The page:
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Israel News
Barak good-humored, defiant in U.S.

Palestinians learn Arafat calls the shots

Israeli ministry's demise may promote pluralism

Barak’s plea to the world

Israel finds missing U.S. soldier, but won’t arrest him

By NAOMI SEGAL
Jewish Telegraphic Agency
August 21, 2000

JERUSALEM, Aug. 21 (JTA) -- Israeli police have found in southern Israel a U.S. Army officer who had been missing from a Texas base for two weeks.

Lt. Col. Jeremiah Mattysse, who is believed to be around 50 years old, was interrogated Monday after he was found in a youth hostel near Mitzpeh Ramon in southern Israel.

But police said they did not have the authority to detain him because he was not wanted in connection with a violation of Israeli law--and the U.S. Army charges that he was missing without leave from his Texas base would not allow him to be arrested in Israel.

A Pentagon source said it is "improper to speculate what action" U.S. officials might take in the case.

A woman claiming to be the girlfriend of Mattysse, who converted to Judaism 10 years ago, had previously claimed that the lieutenant colonel had spied for Israel. But on Monday, Rivka Nir said Mattysse had done nothing wrong.

An Israeli source agreed, saying the matter was a "very human, personal situation."

Nir, who holds both Israeli and American citizenship, said she hopes Mattysse returns to the United States and makes aliyah only after he clears his name.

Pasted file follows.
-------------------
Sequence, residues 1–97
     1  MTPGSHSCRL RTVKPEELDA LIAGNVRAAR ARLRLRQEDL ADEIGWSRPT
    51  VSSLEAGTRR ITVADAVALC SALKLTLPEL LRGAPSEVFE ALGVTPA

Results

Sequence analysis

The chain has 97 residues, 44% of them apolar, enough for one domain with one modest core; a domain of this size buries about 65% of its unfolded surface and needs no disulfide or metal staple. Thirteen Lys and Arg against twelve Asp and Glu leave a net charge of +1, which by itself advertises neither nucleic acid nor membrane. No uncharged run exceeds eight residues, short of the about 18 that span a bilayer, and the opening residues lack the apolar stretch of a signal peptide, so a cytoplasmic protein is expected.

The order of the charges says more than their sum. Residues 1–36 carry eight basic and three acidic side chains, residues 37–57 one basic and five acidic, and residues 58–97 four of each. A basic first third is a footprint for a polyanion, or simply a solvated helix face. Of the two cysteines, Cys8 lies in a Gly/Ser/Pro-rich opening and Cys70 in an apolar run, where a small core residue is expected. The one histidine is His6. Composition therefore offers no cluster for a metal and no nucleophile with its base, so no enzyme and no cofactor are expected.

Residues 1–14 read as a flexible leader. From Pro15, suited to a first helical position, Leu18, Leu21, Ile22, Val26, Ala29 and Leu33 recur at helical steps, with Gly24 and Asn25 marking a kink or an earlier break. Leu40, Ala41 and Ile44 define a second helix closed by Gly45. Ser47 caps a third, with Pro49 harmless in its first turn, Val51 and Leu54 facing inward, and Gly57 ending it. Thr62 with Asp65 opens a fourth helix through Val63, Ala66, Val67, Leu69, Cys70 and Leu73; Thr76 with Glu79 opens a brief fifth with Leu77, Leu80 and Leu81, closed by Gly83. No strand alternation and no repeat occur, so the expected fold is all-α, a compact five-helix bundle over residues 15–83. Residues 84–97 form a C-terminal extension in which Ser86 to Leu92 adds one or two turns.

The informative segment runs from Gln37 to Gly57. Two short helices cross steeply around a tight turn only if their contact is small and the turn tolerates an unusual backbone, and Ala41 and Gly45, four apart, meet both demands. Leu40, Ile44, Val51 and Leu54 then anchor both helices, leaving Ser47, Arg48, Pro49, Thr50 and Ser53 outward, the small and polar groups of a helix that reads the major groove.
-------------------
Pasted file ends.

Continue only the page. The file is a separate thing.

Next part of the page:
Mattysse applied to immigrate to Israel earlier this month, according to Israel Radio.

Nir said Mattysse--who did not return from scheduled leave on Aug. 7--had been in Israel since the beginning of August, moving around disguised with a beard and wig and sleeping in a tent.

Until February, Mattysse worked in a management position at a Texas army intelligence center.

Mattysse was reassigned to a U.S. Army Reserve group in San Antonio after an investigation was launched into a possible extramarital affair.

His disappearance was of "heightened concern'' because of his intelligence background, said a spokesman for the U.S. Army Reserve Command.

The San Antonio Express-News reported that Mattysse's wife, Vanda, filed for divorce on March 7. An attorney for Vanda Mattysse reported that a divorce is pending.

U.S. officials formally asked for Israel's help in locating the errant officer in a meeting last Friday with Prime Minister Ehud Barak, who immediately agreed. The military attache to the U.S. Embassy interviewed Nir over the weekend as part of efforts to locate Mattysse.

The incident was splashed across all of Israel's papers, with the tabloid Yediot Achronot dedicating a seven-page spread to the story.

(JTA correspondents Gil Sedan in Jerusalem and Sharon Samber in Washington contributed to this report.)

© JTA Inc., 2000. May not be reproduced without written permission.












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